At Building BLOCS we use a lot of Super Simple Songs with our kids. They have created a library of fun, easy songs for children to sing and dance to. Here is a link to all of their Christmas songs.
Give a little background information about yourself: I was born in Rio Grande City, Texas, and moved to Mission, Texas, where I attended school at the University of Texas – Pan American. I received my Bachelor’s Degree in Rehabilitation Services and started volunteering for CASA of Hidalgo County as a Court Appointed Special Advocate. I also volunteered with special needs kids in college by assisting them with attending class and tutoring after class time. I plan on going back to school for my Master’s Degree in Early Childhood Special Education and becoming a BCBA.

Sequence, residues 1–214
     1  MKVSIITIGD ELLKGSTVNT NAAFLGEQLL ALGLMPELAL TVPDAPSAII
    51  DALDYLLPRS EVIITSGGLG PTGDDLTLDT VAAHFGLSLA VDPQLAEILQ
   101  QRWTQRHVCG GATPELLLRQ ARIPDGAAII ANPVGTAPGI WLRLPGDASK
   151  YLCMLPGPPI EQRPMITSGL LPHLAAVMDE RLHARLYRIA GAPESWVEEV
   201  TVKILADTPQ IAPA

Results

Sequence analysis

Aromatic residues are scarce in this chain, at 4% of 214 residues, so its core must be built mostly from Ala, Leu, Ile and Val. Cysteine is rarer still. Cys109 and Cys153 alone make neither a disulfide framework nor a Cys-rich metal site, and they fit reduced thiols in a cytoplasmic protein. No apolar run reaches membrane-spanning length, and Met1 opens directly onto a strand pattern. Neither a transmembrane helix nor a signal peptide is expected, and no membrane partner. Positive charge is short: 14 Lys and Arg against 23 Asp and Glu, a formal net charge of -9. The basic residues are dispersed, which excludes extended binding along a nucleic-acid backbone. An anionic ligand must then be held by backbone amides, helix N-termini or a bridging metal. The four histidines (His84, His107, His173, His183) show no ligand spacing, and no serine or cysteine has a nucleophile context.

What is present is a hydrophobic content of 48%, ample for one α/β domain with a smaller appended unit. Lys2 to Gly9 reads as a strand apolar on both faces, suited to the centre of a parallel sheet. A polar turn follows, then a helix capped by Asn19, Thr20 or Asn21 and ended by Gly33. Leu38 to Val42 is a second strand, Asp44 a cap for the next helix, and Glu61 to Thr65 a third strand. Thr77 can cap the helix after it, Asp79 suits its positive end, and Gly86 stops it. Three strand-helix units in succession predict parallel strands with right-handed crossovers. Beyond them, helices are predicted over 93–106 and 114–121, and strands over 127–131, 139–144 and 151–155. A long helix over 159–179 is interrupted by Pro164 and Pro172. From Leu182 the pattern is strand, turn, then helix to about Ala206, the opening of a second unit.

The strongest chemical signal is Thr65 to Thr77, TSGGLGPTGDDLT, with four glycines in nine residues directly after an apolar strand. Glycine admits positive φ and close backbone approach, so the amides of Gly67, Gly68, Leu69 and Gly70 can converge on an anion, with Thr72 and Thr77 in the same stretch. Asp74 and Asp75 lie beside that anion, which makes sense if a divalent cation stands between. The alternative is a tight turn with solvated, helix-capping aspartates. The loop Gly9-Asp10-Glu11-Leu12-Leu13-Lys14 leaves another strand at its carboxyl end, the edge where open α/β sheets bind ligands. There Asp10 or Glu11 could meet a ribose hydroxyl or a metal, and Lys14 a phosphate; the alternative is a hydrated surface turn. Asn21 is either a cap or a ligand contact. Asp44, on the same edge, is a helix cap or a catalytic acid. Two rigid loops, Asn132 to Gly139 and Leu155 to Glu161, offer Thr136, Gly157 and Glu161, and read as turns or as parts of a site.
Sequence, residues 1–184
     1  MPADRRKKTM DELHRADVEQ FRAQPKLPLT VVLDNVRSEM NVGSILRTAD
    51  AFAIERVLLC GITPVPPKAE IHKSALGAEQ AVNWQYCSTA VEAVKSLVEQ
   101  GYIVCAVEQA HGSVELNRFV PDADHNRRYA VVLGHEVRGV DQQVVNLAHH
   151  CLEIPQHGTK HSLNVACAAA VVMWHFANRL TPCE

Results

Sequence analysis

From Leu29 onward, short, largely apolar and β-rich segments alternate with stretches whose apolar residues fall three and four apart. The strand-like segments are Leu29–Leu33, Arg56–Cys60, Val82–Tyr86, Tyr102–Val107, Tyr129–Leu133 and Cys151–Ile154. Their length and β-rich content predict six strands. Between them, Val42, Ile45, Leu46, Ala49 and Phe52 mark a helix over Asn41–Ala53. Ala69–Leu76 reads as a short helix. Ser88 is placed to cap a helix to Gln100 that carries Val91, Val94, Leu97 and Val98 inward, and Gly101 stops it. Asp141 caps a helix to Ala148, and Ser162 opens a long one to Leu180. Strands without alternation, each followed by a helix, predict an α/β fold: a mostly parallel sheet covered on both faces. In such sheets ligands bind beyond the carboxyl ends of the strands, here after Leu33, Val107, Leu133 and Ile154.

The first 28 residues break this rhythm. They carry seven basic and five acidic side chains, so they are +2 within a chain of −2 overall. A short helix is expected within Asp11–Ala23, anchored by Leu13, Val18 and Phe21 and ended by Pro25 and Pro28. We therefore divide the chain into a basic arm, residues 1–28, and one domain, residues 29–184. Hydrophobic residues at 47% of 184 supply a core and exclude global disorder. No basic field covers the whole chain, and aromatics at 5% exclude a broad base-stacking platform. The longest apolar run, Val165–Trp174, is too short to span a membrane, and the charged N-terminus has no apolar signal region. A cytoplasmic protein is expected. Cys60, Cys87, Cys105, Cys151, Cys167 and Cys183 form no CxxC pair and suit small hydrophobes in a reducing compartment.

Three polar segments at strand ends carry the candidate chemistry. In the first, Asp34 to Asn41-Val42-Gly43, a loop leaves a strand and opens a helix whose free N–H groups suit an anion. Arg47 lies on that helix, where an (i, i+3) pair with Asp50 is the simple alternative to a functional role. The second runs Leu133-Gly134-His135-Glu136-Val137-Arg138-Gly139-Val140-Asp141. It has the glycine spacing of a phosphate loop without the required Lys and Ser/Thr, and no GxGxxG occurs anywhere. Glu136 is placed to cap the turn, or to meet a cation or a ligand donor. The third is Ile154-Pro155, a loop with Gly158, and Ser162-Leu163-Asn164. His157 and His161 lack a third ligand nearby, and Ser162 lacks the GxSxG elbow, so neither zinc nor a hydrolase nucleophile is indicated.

What brought you to this field? When my brother was in kinder I remember seeing a boy in his class who stood out to me, at the time I was only eight, so I didn’t understand why he did things differently than others. However, this little boy has always stayed on my mind. Then when I started third grade a saw another little girl who reminded me of him they both didn’t socialize with the rest of the class, at times they would get really frustrated, and I remember going home and wondering how someone, or I, could help these kids out. It wasn’t until high school where I saw that some kids still struggling with situations in the same way that I had seen when I was younger, that I decided to ask and research what this all meant. Also, being raised in the valley I now realize that a lot of people either didn’t know how to explain this to me or weren’t properly educated on the subject. Finally, entering college I started my core classes not really knowing what I wanted to do for my bachelor’s until I took an elective on Childhood Development and got to talking to the professor about children who are diagnosed with autism. It felt like everything I had seen when I was growing up came together like a puzzle piece and I just had too know more. So, the next day I talked to my guidance counselor about moving over to the Rehab Department and I loved every minute of it. I realized that by educating myself on this diagnosis I could help my community by educating families, so they are able to provide better opportunities for their children. Now realizing there is still so much more to learn, has been my motivation to go back to school to further my education.